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MAY 01 2022 /
If you live in the South and have a crawl space, don’t be surprised to learn your crawl space probably has fungal growth. This is especially true if your crawl space isn’t encapsulated, has been exposed to flooding, or if you don’t regularly maintain its moisture content. If you’re worried about fungal growth in your crawl space, keep reading! You’ll learn more about crawl space fungal growth identification, its causes, its effects on you and your home, and why you need to know all of this in the first place.
First things first, know the difference between fungus and mold. Fungus is an umbrella term that encompasses any type of fungi like yeast, mold, mildew, and even mushrooms. So, if you find any of these types of fungi upon inspection — you have fungal growth in your crawl space. Fungi in the form of mushrooms is easy to identify but mold, mildew, and yeast can grow in the smallest crevices without being noticed for a long time. Sometimes these fungi can be mistaken for a harmless wet spot, speck of dirt, or even a “crack” in the wood or cement. However, closely examining these areas will prove you’re actually dealing with some form of crawl space fungus.
To look for fungal growth in your crawl space, you need to physically go down there and take a look for yourself. While this is probably not the way you want to spend your Saturday, unfortunately there’s no other way to visibly identify signs of fungus. The first sign you’ll notice if something is growing is a strong musty odor. Whether it’s from the fungi itself or water-damaged wood, you’ll be able to tell just by the smell of it. Be sure to check along the walls and foundation for any signs of water damage (which can eventually turn into fungi) or for any actual growth already happening. Don’t forget to lift up any edges of decomposing wood and check for possible growth hidden underneath.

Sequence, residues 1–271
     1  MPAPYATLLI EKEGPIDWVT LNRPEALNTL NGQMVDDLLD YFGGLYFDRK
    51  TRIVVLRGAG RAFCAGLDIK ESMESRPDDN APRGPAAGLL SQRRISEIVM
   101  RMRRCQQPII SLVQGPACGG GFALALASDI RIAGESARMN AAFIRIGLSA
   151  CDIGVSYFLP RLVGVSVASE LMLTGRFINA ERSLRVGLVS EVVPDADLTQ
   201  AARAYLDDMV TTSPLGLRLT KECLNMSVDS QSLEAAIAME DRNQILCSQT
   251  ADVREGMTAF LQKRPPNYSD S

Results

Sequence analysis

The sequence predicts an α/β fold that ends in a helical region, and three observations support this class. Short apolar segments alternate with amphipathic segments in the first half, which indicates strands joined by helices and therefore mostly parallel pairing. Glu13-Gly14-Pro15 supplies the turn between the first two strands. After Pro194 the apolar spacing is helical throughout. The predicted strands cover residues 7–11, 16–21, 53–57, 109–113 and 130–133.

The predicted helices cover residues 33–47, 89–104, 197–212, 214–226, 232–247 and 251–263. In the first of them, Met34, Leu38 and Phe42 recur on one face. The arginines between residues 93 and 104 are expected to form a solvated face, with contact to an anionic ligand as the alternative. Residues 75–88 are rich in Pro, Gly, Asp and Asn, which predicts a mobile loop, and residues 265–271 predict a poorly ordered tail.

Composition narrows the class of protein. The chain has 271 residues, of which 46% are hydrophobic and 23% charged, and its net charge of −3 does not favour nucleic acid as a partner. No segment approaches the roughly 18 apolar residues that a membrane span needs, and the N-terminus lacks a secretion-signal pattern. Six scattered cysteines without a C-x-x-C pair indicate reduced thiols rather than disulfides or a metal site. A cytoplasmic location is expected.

It doesn’t take much for fungal growth in your crawl space to start. All that’s needed is a minimum of 70 percent humidity, warm temperatures, and a food source (such as wood).
Too many people assume crawl space fungus isn’t a big deal and that because it’s separate from the rest of the house, it’s nothing to worry about. However, this couldn’t be more wrong!
Fungus can develop within 24 to 48 hours after water exposure. From there it will continue spreading unless it's properly removed, which is a lengthy process. We want you to understand that any fungus in your crawl space is unacceptable. Buckled hardwood floors, insect infestations inside your home, condensation on your insulation and water pipes, and musty odors can all indicate crawl space fungus forming down below. Eventually, if fungal growth in your crawl space is left to its own devices it will rot the wood and ruin the structures underneath your home, and eventually make its way into your living spaces.
Aside from structural damage, fungus can cause serious health effects. Did you know up to 40 percent of your household air comes from your crawl space? From allergic reactions to lung irritation, crawl space fungus is not something to mess with! It’s best to avoid breathing in any fungus at all costs, and this can only be done with proper removal.